Networks as Critical Texts

Visualization-of-Algarottis-World-from-Mapping-the-Republic-of-Letters

Cover. Visualization of Algarotti’s World from the Mapping the Republic of Letters project at Stanford University. (Source)

My initial thoughts about networks are that they are complex and inaccessible, but they have the potential to revolutionize reading, writing, thinking and learning practices as we used to know. But from my various visits with individuals who are theorizing and trying to deploy networks in their own research, teaching, and learning, I am come to recognize networks not just as a tool but a rhetorical strategy that could empower its user in unprecedented ways. Combined with data analytics, networks offer some powerful methodologies for gaining insights (predictions) and intelligence (current knowledge). For humanists, questions remain: How should and might we harness such power? What are the potentials and perils of authorizing networks to connect, extract, transfer, and exchange information? How might we master these capabilities to offer our world something of value? Instinctively, these questions lead me to thinking about the rhetorics of networks, and the relationships between language and logics since the expression of networks is engendered by the two. Before I explore further, I would like to include here a brief preface to network studies, a broader field in which lives the majority of the theoretical frameworks and traditions I am going to employ in my study.

Network Studies

Over the past decade, network studies has emerged to be an increasingly prominent academic discipline thanks to prevailing and advancing technologies. Both theory and method, network studies thrives on available means for visualization to model relationships between entities. Social network analysis, a process that involves investigating social structures through the use of network and graph theories, has particularly enjoyed greater uptake across disciplinary landscapes. Within rhetoric and writing studies, wherein activity theory and actor-network theory (Latour, 2005; Spinuzzi, 2010) are drawn quite heavily upon (more so in technical and professional communication), social network analysis provides writing researchers relevant frameworks that add dimensions to their scholarship. An example of project born of social network analysis within writing studies would be the “Writing Studies Tree” project (see http://writingstudiestree.org). With this project, along with other budding initiatives in the our field, networks are beginning to gain recognition as valuable and productive methods for accomplishing the goals of composition and its instruction. With an eye toward the critical functions of networks, I provide in this essay a snapshot of networks pertaining to the interests of composition studies––networks as texts. To do so, I review arguments from several critical scholars and take a shot at offering some implications for composition pedagogy as networks become more and more preeminent in our field. Before entering that conversation, I provide in the next section a brief overview of connectivism as a network and learning theory.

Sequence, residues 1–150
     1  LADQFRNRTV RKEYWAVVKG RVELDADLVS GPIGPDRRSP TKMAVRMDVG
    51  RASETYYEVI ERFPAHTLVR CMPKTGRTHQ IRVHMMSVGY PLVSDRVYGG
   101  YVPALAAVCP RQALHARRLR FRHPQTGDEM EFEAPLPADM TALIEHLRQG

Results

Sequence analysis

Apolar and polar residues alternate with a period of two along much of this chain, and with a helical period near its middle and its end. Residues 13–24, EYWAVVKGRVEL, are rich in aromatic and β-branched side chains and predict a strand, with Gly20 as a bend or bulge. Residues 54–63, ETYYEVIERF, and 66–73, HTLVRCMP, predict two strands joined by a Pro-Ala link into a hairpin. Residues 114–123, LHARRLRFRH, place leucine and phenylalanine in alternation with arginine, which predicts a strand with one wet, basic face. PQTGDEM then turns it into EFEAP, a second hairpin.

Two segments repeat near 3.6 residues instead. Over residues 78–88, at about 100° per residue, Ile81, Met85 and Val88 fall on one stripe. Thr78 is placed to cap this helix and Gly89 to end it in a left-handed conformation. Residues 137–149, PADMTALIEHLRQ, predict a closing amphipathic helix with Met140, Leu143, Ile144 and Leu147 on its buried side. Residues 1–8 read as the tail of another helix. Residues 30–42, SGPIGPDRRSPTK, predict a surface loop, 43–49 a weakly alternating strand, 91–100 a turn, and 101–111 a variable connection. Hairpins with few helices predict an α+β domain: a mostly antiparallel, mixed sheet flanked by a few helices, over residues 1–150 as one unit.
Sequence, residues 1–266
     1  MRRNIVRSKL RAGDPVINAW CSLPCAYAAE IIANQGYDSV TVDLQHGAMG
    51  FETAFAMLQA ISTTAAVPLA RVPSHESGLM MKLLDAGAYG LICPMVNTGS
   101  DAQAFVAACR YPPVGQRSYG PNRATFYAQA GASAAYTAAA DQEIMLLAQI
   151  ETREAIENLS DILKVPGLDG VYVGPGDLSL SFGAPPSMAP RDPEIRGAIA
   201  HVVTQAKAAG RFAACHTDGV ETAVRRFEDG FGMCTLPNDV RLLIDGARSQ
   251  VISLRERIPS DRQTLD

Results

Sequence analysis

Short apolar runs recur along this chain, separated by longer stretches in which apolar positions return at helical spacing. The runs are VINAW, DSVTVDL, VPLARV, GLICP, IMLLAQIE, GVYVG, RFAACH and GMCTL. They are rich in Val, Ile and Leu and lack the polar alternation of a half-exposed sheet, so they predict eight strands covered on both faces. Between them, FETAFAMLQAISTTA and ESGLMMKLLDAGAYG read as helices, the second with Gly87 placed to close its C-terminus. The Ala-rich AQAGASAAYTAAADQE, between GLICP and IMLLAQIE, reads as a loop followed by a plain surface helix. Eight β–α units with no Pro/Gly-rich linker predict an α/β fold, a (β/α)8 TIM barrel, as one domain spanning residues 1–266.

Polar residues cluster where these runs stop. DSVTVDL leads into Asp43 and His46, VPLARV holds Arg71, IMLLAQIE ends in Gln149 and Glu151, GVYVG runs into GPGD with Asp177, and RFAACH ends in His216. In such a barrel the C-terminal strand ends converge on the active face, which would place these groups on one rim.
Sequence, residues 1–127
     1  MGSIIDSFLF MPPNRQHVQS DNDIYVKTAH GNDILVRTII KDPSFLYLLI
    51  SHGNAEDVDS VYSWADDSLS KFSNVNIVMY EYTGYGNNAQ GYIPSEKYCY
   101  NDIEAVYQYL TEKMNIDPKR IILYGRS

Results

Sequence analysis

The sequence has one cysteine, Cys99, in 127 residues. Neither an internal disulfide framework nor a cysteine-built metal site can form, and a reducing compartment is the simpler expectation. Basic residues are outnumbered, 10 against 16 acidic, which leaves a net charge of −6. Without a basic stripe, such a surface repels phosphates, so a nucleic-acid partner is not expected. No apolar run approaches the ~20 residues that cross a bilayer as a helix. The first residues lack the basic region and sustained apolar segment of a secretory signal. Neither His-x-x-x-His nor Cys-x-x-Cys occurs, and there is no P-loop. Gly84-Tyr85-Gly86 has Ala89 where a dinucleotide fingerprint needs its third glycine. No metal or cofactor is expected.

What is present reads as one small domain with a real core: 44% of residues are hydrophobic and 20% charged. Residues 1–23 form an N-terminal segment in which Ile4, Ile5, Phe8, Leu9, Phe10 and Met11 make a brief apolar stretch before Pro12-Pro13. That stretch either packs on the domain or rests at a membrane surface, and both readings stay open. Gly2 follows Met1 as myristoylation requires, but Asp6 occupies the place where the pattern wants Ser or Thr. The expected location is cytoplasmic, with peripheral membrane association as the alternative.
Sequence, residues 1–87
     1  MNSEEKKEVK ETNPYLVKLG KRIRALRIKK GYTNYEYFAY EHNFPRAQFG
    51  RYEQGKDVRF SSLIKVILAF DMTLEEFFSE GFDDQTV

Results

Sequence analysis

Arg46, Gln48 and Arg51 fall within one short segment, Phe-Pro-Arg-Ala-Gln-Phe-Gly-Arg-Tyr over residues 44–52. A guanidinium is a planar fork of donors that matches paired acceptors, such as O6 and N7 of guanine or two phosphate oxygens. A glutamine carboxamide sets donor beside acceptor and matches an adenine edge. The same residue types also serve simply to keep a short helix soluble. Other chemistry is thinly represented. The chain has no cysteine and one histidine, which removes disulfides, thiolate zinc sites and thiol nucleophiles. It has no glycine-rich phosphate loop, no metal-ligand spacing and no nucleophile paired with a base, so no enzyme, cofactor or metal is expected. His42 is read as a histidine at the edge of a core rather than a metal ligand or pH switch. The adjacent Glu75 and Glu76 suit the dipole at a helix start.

From Social to Network to Critical Perspectives

As most compositionists and writing instructors are aware, social theory has long influenced how teaching and learning are done in the classroom. For instance, Albert Bandura’s (1977) social learning theory informs educationalists about how students learn through modeling and reciprocal processes. Social constructivist theorists, later update Bandura’s theory with social construction of meaning in collaborative learning and interactive knowledge construction (Vygotsky, 1962, 1978; Duffy & Jonassen, 1992). As social theory frameworks typically focus on the individual’s experience in group settings, a networked perspective encompasses more and different relations, looking at the diversity of social relationships people maintain and the diversity of relationships that make up communities and other forms of social networked structures. Such perspective calls forth the consideration of the idea of social capital, which according to Pierre Bourdieu (1986), is “the aggregate of the actual or potential resources which are linked to possession of a durable network of more or less institutionalized relationships of mutual acquaintance or recognition” (p. 248). In the technological age, the notion of social capital has been adapted into the digital-social realm, denoting the use of technologies to expand, enhance, and accelerate an individual’s social network. Situated within this paradigm is the birth of connectivism.